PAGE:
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  #1  
Old 08-01-2006, 03:43 PM
LeftFootRightFoot LeftFootRightFoot is offline
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Those other reindeer sure are mean

Is the christmas carol classic (aren't I awesome at alliterations?) Rudolph the Rednosed Reindeer supposed to be a racism metaphor? I mean, he's essentially the same as every other reindeer, just has a slight superficial difference (although a glowing nose is quite a startling leap in evolution without sugical procedures, has anybody looked into rudolph's medical history?). Then when this trait proves useful, he becomes a valued member of the community? Are the other reindeer just bigots who found a reason to quell their hatred for the time being, until the time came that his nose stopped being useful? Or are they truly sorry for their actions against Rudolph, and just want him to join their reindeer games afterall?
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  #2  
Old 08-01-2006, 04:11 PM
ITR champion ITR champion is offline
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I interpret it as a metaphor, but not for racism. Rather, Rudolph stands in for children born with physical/mental disability or some unusual characteristic. He's one individual different from everyone else in his community; even his parents don't have glowing red noses. He's not a member of an oppressed minority.
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  #3  
Old 08-01-2006, 04:19 PM
ITR champion ITR champion is offline
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And I'd say it's rather judgemental to label to other reindeer as bigots. This is a children's song, and seen in that light, the behavior of Dasher, Dancer, Prancer, etc... is forgiveable, though still wrong. All children, unfortunately, have a tendency to gang up on and mock those with physical deformities. Most children, fortunately, grow out of it. The entire Rudolph episode is a learning experience for the rest of the herd. We'll note that it's the authorty figure, Santa, who forces the others to recognize the usefulness of Rudolph's nose, just as it's the dutiful parents, teachers, and church leaders who insist that children treat disabled outsiders with respect.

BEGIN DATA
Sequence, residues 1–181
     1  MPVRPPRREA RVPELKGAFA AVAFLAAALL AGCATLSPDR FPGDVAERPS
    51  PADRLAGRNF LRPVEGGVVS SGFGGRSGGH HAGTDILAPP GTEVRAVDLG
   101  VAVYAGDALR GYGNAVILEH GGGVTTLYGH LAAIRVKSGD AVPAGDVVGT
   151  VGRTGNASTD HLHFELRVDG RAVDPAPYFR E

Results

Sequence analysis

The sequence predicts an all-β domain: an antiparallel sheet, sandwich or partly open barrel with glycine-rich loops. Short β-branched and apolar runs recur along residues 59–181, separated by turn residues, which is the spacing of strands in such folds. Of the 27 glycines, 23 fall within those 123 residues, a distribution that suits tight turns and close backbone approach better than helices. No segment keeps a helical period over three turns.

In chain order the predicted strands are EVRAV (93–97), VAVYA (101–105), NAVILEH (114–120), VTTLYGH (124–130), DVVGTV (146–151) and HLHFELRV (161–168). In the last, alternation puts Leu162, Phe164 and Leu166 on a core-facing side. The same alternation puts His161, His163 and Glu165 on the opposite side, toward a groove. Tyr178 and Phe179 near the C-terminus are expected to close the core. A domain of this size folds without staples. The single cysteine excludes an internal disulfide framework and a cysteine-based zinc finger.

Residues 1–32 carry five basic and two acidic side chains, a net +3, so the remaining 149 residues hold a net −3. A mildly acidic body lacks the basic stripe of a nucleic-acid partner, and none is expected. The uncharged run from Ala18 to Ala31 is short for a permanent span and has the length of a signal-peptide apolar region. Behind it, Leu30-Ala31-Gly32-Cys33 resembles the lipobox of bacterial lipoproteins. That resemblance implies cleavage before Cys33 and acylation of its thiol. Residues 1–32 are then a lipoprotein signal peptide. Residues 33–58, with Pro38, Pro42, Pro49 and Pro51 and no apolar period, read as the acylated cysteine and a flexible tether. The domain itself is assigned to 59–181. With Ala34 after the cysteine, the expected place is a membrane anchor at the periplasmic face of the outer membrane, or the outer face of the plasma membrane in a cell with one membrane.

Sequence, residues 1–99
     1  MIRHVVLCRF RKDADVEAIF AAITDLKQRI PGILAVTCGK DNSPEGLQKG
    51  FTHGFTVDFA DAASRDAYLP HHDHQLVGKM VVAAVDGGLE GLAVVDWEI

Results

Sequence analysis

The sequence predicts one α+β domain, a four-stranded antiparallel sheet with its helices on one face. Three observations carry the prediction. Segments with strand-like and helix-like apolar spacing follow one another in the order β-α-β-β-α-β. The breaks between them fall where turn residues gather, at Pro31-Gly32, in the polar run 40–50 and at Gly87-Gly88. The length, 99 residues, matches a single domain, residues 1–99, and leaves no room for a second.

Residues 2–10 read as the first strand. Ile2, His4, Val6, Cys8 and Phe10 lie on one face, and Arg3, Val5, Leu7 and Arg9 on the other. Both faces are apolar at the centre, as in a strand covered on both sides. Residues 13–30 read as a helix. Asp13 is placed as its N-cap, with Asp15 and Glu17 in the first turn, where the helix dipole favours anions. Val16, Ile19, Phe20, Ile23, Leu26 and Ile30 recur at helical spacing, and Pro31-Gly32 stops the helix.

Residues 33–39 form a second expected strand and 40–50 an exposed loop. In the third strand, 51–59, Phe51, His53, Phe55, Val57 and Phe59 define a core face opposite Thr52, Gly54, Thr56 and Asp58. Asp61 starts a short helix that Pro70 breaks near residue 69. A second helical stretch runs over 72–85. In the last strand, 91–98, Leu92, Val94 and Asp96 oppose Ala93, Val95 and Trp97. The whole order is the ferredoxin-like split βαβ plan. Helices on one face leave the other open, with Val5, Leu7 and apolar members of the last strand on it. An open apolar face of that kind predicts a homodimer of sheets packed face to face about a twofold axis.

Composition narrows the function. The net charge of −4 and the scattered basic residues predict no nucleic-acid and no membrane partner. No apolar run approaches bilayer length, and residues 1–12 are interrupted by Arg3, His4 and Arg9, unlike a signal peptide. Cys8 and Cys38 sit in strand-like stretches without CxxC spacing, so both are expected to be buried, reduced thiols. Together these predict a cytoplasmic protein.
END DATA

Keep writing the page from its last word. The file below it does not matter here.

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  #4  
Old 08-01-2006, 05:40 PM
Mangetout Mangetout is offline
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Yeah, I'd not necessarily say it was a metaphor for racism, but rather, for prejudice generally, but even so, it may not be intentionally a morality-play; the underdog-cum-hero is just a rather strong plot to hang a story about; see also The Ugly Duckling.
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  #5  
Old 08-01-2006, 05:55 PM
elucidator elucidator is online now
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In the wild, reindeer bands have strict social structures. A miscreant, or mutant, may be forced to do Lapps.
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  #6  
Old 08-01-2006, 06:27 PM
rjung rjung is offline
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The OP reminds me of a similar monologue from Frasier Crane on Cheers. "And after Rudolph proves useful, do the other reindeer accept him into their games? No! They still ostracize him even while they're exploiting his unique talents!"
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  #7  
Old 08-01-2006, 06:28 PM
GLWasteful GLWasteful is offline
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Quote:
Originally Posted by elucidator
In the wild, reindeer bands have strict social structures. A miscreant, or mutant, may be forced to do Lapps.
Despite the fact that Lapps and reindeer are less-than-ideal sexual mates. Of course, those different reindeer shoulda thought of that before they went all mutant.
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  #8  
Old 08-01-2006, 06:52 PM
Miller Miller is offline
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The other reindeer are meant to be bullies, not bigots.
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  #9  
Old 08-01-2006, 07:02 PM
Steve MB Steve MB is online now
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Quote:
Originally Posted by rjung
The OP reminds me of a similar monologue from Frasier Crane on Cheers. "And after Rudolph proves useful, do the other reindeer accept him into their games? No! They still ostracize him even while they're exploiting his unique talents!"
Really, it's surprising that Rudolf didn't tell Jolly Fatso where he could park his sleigh....
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  #10  
Old 08-01-2006, 07:27 PM
Linty Fresh Linty Fresh is offline
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Quote:
Originally Posted by Steve MB